Nope, I’m not talking about abortion or euthanasia (perhaps another time). Scientific American magazine recently published a study about the effect touching currency has on us, particularly on youngsters. When it comes to the almighty dollar, it seems that people will forget about morals and manners. The prospect of getting our hands some cash usually brings out the worst in us.
Greed is one of those concepts that falls under the nature vs. nurture debate. Granted, we need to take care of ourselves to survive, so making money is a necessary “evil” and a simple fact of life. However, the intensity of our desire for money or valuable items such as diamond rings is likely formed through the values we learn during childhood.
Think about it: we live in a capitalist society where the buying and selling of goods and services are considered to be positive contributions to our society. We spend a great deal of our life earning money, saving money and purchasing goods and services. Our children often begin “fundraising” for social activities as early as preschool.
Are we valuing too much of a “good thing” in our capitalist lifestyle? That’s exactly what some scholars and activists believe; in fact, some are calling for an entirely new economic system. You have probably heard the ominous warnings of the liberals’ desire to enact socialism in the US, but that is not an entirely accurate portrayal at all.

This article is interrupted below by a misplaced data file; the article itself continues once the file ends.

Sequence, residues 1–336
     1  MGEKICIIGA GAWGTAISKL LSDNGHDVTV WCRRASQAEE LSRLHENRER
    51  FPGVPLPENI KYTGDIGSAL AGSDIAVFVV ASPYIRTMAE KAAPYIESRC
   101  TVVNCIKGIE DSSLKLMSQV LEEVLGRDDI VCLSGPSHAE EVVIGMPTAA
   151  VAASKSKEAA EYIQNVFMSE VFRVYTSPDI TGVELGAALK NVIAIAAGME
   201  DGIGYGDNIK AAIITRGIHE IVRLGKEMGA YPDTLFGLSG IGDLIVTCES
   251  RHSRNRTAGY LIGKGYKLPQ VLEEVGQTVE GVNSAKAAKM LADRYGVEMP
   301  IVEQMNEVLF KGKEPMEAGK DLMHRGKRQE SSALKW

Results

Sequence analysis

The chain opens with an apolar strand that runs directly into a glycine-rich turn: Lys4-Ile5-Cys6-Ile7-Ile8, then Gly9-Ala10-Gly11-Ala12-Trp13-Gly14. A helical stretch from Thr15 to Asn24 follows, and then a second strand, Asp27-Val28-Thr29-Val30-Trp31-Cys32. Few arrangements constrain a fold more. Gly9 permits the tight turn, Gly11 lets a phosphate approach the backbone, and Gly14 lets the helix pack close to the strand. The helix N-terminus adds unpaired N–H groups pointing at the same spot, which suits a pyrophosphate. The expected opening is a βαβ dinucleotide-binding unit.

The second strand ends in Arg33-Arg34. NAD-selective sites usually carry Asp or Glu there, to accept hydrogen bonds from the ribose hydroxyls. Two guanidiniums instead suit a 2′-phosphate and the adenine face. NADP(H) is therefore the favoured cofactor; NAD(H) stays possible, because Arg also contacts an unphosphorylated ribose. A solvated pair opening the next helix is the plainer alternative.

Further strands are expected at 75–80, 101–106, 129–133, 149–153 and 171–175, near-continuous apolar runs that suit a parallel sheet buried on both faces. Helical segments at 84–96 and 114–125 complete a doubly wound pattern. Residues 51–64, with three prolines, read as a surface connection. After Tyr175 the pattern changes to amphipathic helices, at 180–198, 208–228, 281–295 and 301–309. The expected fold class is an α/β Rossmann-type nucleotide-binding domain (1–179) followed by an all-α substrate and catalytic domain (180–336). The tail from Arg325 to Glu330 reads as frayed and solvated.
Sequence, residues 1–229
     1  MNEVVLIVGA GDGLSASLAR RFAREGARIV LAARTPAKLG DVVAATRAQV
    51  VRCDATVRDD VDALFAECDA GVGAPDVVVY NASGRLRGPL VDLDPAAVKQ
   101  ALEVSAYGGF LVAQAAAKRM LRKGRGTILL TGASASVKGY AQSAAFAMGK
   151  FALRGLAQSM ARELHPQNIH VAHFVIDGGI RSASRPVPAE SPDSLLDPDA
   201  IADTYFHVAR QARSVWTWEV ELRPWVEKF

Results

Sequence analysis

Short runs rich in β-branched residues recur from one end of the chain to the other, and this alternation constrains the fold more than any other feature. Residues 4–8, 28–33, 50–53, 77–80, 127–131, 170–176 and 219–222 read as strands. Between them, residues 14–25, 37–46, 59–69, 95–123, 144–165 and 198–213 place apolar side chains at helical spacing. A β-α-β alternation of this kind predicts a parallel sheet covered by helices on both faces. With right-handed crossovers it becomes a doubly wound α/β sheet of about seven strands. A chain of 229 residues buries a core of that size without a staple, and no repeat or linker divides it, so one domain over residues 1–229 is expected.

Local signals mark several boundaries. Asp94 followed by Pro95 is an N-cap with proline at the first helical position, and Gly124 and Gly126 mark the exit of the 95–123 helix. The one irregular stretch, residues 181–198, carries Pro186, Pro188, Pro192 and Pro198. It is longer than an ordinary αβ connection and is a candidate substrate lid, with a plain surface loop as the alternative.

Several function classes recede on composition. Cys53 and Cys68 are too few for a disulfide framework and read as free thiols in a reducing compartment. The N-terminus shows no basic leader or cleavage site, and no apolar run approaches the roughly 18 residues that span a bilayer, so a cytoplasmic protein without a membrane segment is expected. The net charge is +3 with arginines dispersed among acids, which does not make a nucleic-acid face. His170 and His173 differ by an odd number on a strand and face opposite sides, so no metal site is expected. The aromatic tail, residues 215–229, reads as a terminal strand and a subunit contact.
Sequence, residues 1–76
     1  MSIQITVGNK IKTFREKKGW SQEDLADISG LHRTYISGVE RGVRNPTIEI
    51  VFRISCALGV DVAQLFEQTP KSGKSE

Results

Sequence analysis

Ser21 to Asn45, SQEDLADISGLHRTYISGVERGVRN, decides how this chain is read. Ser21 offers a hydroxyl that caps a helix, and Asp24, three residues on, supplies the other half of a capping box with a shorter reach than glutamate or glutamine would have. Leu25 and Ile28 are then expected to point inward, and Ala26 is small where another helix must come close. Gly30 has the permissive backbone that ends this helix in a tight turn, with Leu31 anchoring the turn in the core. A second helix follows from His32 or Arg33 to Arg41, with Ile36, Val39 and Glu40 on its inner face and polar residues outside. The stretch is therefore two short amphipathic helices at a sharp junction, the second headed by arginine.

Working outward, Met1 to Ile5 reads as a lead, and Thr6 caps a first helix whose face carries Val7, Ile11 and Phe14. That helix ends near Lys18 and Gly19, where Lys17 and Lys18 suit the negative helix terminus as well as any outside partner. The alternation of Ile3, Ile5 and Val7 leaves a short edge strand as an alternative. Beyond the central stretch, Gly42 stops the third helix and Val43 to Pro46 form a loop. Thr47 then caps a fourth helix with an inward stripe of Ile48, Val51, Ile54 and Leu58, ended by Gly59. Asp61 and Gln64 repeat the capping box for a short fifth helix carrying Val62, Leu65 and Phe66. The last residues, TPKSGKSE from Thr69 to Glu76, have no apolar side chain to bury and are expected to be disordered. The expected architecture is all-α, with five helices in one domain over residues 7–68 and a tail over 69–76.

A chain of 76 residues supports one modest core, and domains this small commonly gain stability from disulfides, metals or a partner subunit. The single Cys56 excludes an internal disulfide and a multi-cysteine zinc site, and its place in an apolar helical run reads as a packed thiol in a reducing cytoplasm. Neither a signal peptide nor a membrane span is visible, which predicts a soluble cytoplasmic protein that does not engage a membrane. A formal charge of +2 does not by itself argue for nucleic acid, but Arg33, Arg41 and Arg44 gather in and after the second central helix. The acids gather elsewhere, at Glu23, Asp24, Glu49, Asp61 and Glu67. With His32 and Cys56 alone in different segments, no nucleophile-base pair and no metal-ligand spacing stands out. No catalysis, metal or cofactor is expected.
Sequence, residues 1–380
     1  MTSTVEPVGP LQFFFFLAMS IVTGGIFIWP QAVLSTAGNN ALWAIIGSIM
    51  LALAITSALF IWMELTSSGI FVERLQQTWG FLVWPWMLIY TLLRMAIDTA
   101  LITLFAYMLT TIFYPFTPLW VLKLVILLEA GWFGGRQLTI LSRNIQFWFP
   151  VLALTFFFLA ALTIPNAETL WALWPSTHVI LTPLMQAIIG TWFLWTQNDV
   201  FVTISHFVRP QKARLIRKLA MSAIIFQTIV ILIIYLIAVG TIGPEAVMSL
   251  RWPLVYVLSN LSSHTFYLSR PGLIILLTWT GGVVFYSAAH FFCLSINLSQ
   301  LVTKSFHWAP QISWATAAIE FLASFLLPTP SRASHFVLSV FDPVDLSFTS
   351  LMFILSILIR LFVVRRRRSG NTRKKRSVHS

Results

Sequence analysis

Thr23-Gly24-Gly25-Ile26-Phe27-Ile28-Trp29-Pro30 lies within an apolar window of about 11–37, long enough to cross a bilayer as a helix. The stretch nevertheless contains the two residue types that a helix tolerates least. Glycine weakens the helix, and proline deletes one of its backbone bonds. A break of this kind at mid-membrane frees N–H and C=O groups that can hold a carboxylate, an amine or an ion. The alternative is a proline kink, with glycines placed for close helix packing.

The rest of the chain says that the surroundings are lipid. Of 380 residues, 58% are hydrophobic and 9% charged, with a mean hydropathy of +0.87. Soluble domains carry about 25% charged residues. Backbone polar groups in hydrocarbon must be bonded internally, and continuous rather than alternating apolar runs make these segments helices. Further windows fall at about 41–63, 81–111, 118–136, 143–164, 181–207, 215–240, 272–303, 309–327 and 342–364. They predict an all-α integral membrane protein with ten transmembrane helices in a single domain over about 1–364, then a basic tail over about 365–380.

In truth, we have been living in a social democracy for quite some time now. Conservatives love to villainize “public welfare,” yet they use it as much as everyone else does. If they really wanted to have a purely capitalist society, they would abolish all social security and medicare benefits. There would be no need for taxes because there would be no public utilities and no transportation infrastructure.
As a nation, both political parties agreed that we must utilize some social programs for the best interests of our country and the people who live in it. Public health is another great example – we vaccinate, screen for communicable diseases, and try to protect the general population. As long as we agree on the need for public health, we are all safer from bad news bugs, as is the rest of the world!
The challenge at hand is how we continue making progress for the country and its people within a social democracy but without adequate political support. Doing so will require us to consider the value of life in addition to the value of money. A great way to begin is by teaching our children to value people as well as money.